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SEATTLE -- DevSecOps strategy is as much an art as a science, but experienced practitioners have a few pointers about how to approach it, including what not to do.
The first task DevSecOps newcomers should undertake, according to Julien Vehent, security engineer at web software firm Mozilla, is to design an effective IT security team structure. In his view, the ideal is an org chart that embeds security engineers with DevOps teams but has them report to a centralized security department. This structure helps to balance their impact on day-to-day operations with maintaining a cohesive set of broad goals for the organization.
This embedding can and should go both ways, Vehent added -- security champions from DevOps teams should also have access to the central security organization to inform their work.
"Sys admins are great at security," he said in a presentation here at DevSecCon this week. "Talk to people who do red teaming in their organization, and half the time they get caught by the sys admins."
Once DevOps and IT security teams are aligned, the most important groundwork for improved DevOps security is to gather accurate data on IT assets and the IT environment, and give IT teams access to relevant data in context, practitioners said.
"What you really want from [DevSecOps] models is to avoid making assumptions and to test those assumptions, because assumptions lead to vulnerability," Vehent said, recalling an incident at Mozilla where an assumption about SSL certificate expiration data brought down Mozilla's add-ons service at launch.
Since then, Vehent's mantra has been, "Avoid assumptions, trust the data."
Effective DevSecOps tools help make data-driven decisions
Julien VehentSecurity engineer, Mozilla
Once a strategy is in place, it's time to evaluate tools for security automation and visibility. Context is key in security monitoring, said Erkang Zheng, chief information security officer at LifeOmic Security, a healthcare software company, which also markets its internally developed security visibility tools as JupiterOne.
"Attackers think in graphs, defenders think in lists, and that's how attackers win," Zheng said during a presentation here. "Stop thinking in lists and tables, and start thinking in entities and relationships."
For example, it's not enough to know how many AWS Elastic Cloud Compute instances an organization has, but to understand their context by analyzing multiple factors, such as which ones are exposed to the internet, both directly and through cross-account access methods.
IT pros can configure such security visibility graphs with APIs and graphing databases, or use prepackaged tools. There are also open source tools available to help developers assess the security of their own applications, such as Mozilla's Observatory.
LifeOmic also takes a code-driven, systematized approach to DevOps security documentation, Zheng said. Team members create "microdocuments," similar to microservices, and check them into GitHub as version-controlled JSON and YAML files.
Another speaker urged IT pros new to DevSecOps to take a templatized approach to IT training documentation for cybersecurity that explains, in jargon-free language, the reasons for best practices, and give specific examples of how developers often want to do things, versus how they should do things to ensure application security.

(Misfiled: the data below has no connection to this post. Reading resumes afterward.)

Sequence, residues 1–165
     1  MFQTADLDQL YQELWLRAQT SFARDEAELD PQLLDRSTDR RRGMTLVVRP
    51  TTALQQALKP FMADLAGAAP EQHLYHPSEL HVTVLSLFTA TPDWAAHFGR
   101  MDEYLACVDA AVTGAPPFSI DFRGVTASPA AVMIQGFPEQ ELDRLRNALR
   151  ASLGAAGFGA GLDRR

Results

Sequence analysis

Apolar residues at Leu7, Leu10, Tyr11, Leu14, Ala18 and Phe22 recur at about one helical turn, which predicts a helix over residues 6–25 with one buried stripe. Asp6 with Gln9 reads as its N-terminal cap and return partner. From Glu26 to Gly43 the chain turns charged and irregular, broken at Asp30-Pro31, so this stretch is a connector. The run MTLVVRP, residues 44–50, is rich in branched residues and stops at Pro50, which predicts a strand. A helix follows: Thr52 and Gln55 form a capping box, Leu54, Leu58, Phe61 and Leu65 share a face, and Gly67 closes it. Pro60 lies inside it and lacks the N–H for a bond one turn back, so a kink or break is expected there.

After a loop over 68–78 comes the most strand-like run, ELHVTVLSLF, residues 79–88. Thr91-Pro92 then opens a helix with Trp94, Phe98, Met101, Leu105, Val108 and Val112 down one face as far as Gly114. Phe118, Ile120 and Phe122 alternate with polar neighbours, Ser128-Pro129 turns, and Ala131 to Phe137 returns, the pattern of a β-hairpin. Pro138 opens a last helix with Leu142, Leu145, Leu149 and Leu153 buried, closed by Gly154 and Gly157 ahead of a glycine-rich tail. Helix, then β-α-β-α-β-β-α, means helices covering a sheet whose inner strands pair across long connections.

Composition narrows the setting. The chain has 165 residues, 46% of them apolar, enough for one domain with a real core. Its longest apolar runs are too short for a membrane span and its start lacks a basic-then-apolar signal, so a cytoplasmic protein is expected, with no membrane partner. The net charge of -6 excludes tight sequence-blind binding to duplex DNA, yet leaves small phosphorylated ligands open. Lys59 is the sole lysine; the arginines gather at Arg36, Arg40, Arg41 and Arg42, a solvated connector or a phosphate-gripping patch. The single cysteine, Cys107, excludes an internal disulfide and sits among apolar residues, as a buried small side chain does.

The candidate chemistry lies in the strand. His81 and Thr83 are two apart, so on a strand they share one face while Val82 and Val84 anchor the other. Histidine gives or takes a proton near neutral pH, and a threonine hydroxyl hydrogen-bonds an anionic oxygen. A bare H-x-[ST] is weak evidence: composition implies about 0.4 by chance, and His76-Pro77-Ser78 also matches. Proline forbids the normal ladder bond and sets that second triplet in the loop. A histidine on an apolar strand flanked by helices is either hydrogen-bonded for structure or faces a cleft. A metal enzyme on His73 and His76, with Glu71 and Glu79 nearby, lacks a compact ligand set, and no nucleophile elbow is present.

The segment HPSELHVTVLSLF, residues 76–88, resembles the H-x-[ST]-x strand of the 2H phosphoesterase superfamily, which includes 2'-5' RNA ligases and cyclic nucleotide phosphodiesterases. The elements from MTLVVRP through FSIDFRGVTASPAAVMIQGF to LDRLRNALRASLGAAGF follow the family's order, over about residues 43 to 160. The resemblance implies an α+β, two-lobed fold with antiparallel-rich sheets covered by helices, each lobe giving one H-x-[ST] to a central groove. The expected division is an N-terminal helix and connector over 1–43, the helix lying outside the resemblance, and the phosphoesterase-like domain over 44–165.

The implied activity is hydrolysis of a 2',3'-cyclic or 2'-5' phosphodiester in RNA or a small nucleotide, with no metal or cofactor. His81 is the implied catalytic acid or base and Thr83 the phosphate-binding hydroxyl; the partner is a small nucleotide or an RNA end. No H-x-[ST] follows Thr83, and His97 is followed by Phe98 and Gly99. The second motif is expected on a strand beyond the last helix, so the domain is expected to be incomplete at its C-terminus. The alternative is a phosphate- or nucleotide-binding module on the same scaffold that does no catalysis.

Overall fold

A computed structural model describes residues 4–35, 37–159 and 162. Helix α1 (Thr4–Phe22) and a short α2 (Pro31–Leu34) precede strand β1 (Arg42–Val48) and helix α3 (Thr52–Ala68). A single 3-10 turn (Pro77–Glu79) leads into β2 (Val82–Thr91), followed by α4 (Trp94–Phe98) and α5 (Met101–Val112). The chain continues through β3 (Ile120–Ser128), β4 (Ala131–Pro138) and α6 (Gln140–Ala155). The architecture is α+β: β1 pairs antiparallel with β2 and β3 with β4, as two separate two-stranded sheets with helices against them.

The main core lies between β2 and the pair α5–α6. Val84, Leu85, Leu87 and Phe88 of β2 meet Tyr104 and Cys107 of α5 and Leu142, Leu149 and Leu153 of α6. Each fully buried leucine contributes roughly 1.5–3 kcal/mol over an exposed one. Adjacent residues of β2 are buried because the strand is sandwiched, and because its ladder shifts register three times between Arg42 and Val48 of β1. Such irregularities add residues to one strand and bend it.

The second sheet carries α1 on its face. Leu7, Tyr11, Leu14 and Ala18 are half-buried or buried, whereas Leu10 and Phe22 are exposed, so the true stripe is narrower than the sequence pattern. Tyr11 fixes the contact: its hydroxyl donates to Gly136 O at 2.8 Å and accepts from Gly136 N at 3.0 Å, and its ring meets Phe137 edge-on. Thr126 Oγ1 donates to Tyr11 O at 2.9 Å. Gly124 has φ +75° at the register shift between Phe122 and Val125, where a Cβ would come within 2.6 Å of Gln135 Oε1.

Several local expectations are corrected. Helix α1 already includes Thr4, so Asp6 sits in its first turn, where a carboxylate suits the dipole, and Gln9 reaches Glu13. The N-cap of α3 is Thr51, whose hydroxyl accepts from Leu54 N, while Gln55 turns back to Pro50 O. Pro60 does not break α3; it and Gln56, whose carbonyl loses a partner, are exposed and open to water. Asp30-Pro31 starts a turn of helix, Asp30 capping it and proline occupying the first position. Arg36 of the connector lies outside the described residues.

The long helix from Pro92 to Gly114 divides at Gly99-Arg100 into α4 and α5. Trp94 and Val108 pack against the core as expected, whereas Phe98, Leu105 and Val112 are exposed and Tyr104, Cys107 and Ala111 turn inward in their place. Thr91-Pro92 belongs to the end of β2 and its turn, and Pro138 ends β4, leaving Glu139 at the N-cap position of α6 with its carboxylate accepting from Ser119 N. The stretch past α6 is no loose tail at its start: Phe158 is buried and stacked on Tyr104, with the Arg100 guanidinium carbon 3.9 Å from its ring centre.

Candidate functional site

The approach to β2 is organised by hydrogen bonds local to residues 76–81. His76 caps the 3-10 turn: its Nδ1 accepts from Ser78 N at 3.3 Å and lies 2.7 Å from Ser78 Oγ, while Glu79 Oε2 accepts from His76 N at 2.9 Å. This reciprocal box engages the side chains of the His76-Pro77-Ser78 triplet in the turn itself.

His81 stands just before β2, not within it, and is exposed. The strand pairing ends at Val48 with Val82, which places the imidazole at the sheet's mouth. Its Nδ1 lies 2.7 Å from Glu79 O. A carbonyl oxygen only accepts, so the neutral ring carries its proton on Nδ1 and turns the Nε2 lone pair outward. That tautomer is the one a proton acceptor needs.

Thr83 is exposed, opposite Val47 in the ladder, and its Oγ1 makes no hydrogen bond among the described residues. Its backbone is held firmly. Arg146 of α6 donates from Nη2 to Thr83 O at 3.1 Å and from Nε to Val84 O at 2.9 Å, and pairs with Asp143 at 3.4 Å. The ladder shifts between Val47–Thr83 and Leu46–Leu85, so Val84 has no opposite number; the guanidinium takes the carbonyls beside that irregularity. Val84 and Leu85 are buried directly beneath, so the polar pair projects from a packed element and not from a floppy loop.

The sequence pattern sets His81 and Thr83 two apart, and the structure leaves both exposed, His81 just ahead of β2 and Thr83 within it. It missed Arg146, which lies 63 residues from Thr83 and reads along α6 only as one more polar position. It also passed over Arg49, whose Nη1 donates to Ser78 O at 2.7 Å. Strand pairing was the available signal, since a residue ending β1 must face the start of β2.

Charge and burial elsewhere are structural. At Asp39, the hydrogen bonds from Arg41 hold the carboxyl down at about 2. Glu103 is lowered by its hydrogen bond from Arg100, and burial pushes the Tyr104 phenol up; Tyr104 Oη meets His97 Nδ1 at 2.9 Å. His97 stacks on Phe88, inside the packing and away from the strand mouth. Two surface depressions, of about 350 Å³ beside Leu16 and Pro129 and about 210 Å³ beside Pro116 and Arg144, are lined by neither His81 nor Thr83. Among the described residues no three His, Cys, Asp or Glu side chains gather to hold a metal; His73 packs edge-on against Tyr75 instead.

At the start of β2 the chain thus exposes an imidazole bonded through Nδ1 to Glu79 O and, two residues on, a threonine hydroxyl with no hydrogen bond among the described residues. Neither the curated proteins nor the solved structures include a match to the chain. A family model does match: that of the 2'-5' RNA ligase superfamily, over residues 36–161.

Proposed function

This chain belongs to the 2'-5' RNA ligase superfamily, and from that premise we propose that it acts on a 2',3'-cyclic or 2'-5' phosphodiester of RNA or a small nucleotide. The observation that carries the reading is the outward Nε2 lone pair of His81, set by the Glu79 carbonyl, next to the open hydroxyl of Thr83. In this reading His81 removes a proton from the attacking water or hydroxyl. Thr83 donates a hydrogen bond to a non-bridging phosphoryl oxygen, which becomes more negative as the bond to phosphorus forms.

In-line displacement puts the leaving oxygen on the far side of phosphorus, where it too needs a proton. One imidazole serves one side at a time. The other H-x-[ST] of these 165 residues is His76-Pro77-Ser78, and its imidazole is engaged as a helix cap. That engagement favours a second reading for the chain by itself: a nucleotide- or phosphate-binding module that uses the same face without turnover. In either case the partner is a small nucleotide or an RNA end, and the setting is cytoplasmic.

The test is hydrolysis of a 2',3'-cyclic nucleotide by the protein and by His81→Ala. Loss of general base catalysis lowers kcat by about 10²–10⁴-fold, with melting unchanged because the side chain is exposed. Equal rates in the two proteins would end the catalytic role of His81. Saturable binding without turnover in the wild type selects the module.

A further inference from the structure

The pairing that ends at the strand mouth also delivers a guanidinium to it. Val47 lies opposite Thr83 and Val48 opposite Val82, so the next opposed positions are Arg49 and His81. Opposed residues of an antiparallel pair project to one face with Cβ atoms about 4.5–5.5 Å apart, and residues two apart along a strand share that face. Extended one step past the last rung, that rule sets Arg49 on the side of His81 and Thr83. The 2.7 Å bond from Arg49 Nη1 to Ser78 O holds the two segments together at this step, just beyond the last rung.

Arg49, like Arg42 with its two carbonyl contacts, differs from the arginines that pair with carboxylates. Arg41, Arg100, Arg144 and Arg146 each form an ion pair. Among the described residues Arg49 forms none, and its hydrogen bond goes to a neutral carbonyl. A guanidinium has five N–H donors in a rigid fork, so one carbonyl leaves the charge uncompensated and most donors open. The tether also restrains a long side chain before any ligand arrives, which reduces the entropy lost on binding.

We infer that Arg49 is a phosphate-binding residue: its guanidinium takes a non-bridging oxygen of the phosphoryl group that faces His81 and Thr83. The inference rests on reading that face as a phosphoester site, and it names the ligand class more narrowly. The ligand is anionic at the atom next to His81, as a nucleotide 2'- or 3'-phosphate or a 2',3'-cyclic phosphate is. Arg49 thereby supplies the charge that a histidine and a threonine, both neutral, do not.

"The important thing is to make the secure way the easy way to do things for developers," said Morgan Roman, application penetration tester at electronic signature software maker DocuSign. "Find bad patterns, and make the safer way to do things the default."
DevSecOps how tos -- and how NOT to dos
Erkang ZhengChief information security officer, LifeOmic Security
Strategic planning and assessments are important, but certain lessons about DevOps security can only be learned through experience. A panel of cybersecurity practitioners from blue-chip software companies shared their lessons learned, along with tips to help attendees avoid learning the hard way.
Multiple panelists said they struggled to get effective results from code analysis tools and spent time setting up software that returned very little value or, worse, created false-positive security alerts.
"We tried to do things like, 'Hey, let's make sure that we aren't just checking in secrets to the code repository,'" said Hongyi Hu, security engineer at SaaS file-sharing firm Dropbox, based in San Francisco. "It turns out that there's not really a standardized way of doing these things. … You can find things that look like secrets, but secrets don't always look like secrets -- a really weak secret might not be captured by a tool."
Ultimately, no tool can replace effective communication within DevOps teams to improve IT security, panelists said. It sounds like a truism, but it represents a major shift in the way cybersecurity teams work, from being naysayers to acting as a consulting resource to apps teams. Often, a light-handed approach is best.
"The most effective strategy we got to with threat modeling was throwing away any heavyweight process we had," said Zane Lackey, co-founder and CSO at WAF vendor Signal Sciences in Los Angeles. "As product teams were developing new features, someone from the security team would just sit in the back of their meeting and ask them, 'How would you attack this?' and then shut up."
It takes time to gain DevOps teams' trust after years of adversarial relationships with security teams, panelists said, but when all else fails, security pros can catch more flies with honey -- or candy.
"We put out bowls of candy in the security team's area and it encouraged people to come and ask them questions," Lackey said. "It was actually wildly successful."